Ultimately I realized that it has (at least) two entirely different meanings that don't connect other than in the remote sense that funding connects to construction. The epiphany was that (and I'm inferring this; I know of no historical records to back this up) that the  meaning in Enterprise Architecture emerged when some influential accountant realized that the categories of an enterprises' budget reflects the "architecture" of that enterprise. "Enterprise Architecture" caught on to mean a set of budgetary categories. This is certainly the main meaning used in OMB/GAO and the Department of Defense at least. In other words, the benefit that EA brings to construction isn't a top-level systems design; the benefit is  the funds to begin design, which occurs from a nearly clean slate.

The other meaning, the one I've used elsewhere in this blog, is the meanings of architecture from construction industries. It applies after funding has been settled but before construction begins. Its a dialog between architect and customer that occurs before construction crews start work but well after the financing has been arranged. Of course these budgetary categories have no relevance to the architects, designers and builders  actually doing the work. They do help to round up the funding but thatt goes on in an entirely different world before these roles even enter the field.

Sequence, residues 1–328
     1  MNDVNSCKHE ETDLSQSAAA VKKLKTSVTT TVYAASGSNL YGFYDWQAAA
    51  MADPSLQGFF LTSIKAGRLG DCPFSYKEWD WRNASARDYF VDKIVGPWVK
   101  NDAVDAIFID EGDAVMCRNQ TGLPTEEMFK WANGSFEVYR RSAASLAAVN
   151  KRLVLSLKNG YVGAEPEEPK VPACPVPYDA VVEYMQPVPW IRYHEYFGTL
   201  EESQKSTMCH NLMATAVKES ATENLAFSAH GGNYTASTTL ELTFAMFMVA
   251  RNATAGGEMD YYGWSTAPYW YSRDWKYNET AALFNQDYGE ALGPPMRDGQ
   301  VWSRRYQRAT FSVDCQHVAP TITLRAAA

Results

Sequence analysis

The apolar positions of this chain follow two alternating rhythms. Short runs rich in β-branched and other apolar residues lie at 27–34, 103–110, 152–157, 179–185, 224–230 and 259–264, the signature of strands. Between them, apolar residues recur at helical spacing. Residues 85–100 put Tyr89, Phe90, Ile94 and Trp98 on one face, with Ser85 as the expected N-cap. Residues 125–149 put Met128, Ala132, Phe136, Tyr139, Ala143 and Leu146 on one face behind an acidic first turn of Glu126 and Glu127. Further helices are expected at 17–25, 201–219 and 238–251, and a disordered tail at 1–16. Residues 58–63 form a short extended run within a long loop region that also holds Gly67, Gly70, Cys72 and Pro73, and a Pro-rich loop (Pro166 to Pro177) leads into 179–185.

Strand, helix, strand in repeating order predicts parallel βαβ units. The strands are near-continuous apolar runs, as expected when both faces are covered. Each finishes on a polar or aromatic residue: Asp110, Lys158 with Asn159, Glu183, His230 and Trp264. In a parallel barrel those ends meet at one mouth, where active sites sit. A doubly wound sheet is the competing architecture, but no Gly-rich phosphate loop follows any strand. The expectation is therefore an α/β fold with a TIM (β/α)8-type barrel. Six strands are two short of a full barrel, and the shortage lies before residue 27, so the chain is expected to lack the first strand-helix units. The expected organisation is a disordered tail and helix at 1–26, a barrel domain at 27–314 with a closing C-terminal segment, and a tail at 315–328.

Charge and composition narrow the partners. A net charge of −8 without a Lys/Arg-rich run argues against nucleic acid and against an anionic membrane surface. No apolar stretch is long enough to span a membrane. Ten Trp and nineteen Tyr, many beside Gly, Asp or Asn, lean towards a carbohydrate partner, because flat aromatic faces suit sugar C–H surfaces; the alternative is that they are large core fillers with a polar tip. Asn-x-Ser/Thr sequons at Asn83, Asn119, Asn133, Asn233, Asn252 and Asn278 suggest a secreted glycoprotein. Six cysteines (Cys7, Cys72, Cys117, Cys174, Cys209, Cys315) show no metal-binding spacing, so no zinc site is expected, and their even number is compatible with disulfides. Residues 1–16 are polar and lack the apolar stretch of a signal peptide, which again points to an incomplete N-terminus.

The astonishment was how little these two meanings have in common, and that such a vast difference is simply taken for granted and not more explicitly spelled out.

Apr 22, 2009

Paving the Bare Spots and Following the Guidon

This is a set of speculations as to whether, and how, a large number of loosely-coupled small projects (less than the $1M threshold at which mandatory OMB guidance kicks in) might be coordinated so that large-scale agency improvement occurs over time.
$1M buys ten developers for a year at a burdened salary of $100K each. That is two small agile development teams or one large one, and a year is 24 biweekly sprints. That may seem like small potatoes to SDLC advocates, but agile  teams can pull off amazing things in a year and 24 sprints leaves lots of opportunities for redirection and convergence. Question is, how could such teams be coordinated so that they converge over time on something useful at larger scales (where large means government-  or at least agency-wide).
Although it may seem wasteful to launch projects without the usual heavy planning, notice that there are no billion- or even million dollar projects at risk. There is just the risk of a single sprint, about $1M/24; a little over $40K. Performance is easily monitored during each sprint review so non-performing projects can be terminated or redirected quickly. And perhaps best of all, costs are so affordable that all agencies could participate. There is no approval process that would prevent some agencies from improving their performance through information technology.
Let's assume that central management is commensurate with the small ($1M) project sizes and consider how to accomplish the most at the periphery with minimum management at the center. Two notions seem productive: